Norway’s Government Pension Fund Global has spent £190.6m (€254m) on a London ’trophy’ asset sold by Italian fund management group Sorgente.
Norges Bank Investment Management (NBIM) bought Queensbury House in London’s prime Mayfair district from Sorgente’s Fondo David prestige investments vehicle.
The deal books a considerable profit for Sorgente in a short space of time – having paid £167m at a sub-5% yield in mid-2012 – and is further evidence of the continued rise in London’s capital values, with prime yields on London properties having fallen to below 4% in recent months.
Sorgente, which manages European and US real estate investments for Italian institutional investors, said more than 50 potential investors had expressed interest in the asset. Seven formal offers were examined.
“The management of real estate funds must always seize the best market opportunities to pursue future investments, in the UK as well as other strategic areas, for the group”, said Valter Mainetti, Sorgente chief executive.
Sorgente targets what it deems iconic and trophy assets – increases the value of the managed assets over time. Shortly after acquiring Queensbury House in 2012, director general Stefano Cervone told IP Real Estate that historic and trophy buildings offer a superior risk-return profile because are unique, retain their value better, attract tenants and are very liquid.
NBIM chief executive Yngve Slyngstad recently told IPE that it had “no interest in trophy assets”. He said: ”I don’t know whether you’d call what we have been buying trophy assets. It’s not part of the strategy.”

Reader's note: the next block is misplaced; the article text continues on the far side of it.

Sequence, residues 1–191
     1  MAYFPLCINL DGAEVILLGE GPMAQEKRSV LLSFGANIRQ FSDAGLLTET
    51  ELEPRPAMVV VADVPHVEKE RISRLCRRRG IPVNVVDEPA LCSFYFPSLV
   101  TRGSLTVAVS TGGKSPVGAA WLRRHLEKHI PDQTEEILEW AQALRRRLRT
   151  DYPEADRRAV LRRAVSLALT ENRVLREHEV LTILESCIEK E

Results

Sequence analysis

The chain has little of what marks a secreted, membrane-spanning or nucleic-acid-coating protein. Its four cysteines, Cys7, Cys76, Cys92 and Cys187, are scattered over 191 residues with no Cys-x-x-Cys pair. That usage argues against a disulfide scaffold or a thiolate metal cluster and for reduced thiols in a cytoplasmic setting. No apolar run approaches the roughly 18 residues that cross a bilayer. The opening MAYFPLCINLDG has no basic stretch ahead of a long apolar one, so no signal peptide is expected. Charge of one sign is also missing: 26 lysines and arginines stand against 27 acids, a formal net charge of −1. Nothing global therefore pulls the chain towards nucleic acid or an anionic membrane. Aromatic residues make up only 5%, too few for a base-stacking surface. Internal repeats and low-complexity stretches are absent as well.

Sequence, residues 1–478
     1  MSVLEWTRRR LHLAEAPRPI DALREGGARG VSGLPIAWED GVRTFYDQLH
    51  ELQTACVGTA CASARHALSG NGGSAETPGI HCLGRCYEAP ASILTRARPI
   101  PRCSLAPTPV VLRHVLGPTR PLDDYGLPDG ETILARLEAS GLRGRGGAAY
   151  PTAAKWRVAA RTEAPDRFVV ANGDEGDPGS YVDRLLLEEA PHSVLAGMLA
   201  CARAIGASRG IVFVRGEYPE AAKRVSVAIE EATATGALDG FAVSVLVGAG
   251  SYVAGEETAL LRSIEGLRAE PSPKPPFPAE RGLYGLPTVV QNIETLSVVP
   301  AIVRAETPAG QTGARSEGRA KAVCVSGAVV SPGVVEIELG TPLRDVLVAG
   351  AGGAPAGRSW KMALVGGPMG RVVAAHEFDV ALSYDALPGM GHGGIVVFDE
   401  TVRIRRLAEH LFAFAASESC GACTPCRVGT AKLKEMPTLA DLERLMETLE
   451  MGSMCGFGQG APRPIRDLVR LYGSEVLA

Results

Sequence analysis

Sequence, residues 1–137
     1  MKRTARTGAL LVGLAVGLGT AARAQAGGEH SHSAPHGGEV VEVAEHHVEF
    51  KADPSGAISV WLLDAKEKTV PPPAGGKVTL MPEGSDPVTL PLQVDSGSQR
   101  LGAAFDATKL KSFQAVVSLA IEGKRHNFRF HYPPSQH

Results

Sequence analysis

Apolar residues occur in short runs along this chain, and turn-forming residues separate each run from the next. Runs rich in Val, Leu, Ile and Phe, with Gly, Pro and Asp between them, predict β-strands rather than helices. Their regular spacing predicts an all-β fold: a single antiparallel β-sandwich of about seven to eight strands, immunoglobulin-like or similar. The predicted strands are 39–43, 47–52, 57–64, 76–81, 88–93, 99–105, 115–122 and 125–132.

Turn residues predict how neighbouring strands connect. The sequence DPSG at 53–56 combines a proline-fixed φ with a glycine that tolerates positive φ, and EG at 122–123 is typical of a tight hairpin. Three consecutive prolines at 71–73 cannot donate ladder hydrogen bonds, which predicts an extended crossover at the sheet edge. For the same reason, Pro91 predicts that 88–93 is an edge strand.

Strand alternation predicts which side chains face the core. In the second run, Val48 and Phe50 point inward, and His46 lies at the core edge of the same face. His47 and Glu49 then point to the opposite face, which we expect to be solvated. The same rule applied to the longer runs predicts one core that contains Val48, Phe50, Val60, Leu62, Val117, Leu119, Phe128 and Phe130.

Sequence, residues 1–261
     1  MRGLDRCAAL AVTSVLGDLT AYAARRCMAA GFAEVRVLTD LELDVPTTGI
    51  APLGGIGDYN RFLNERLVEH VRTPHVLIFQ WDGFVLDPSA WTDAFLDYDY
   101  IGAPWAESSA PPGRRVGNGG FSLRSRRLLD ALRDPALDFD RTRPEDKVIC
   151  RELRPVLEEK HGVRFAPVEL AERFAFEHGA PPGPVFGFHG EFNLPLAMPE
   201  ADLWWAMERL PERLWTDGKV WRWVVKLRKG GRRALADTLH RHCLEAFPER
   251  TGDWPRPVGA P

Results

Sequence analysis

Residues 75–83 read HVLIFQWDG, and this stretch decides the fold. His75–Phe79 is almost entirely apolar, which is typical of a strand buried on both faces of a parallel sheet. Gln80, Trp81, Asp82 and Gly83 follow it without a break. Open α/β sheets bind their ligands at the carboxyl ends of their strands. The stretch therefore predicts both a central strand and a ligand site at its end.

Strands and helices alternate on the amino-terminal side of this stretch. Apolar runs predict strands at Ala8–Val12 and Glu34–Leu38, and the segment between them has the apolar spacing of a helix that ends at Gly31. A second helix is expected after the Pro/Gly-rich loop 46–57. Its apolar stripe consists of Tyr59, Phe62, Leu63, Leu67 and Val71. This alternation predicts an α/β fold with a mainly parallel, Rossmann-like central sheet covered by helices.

Slyngstad said: “But it’s right that we have a strategy to invest in core real estate, some of the better office buildings in some of the larger cities of the world.”
The NOK6.62trn (€754bn) Norwegian oil fund has been seeking to build a 5% real estate allocation and has targeted large single and portfolio deals. Real estate was expected to account for 2% of the fund at the end of last year.
As reported, NBIM has been slow to build the oil fund’s real asset exposure due to the need for an in-house team, addressed gradually since investment began in 2010. Assets acquired by NBIM have included office buildings in New York, retail space owned by the UK’s Crown Estate and logistics parks – with all but the latter potentially viewed as trophy assets.
According to advisory firm Savills, of the £21bn (€27.9bn) spent in the London market last year, £14.6bn was attributed to foreign buyers. Chinese and US money will dominate London’s commercial property market this year. The firm says that Chinese investors accounted for more inward investment than all European buyers collectively last year, at £2.2bn.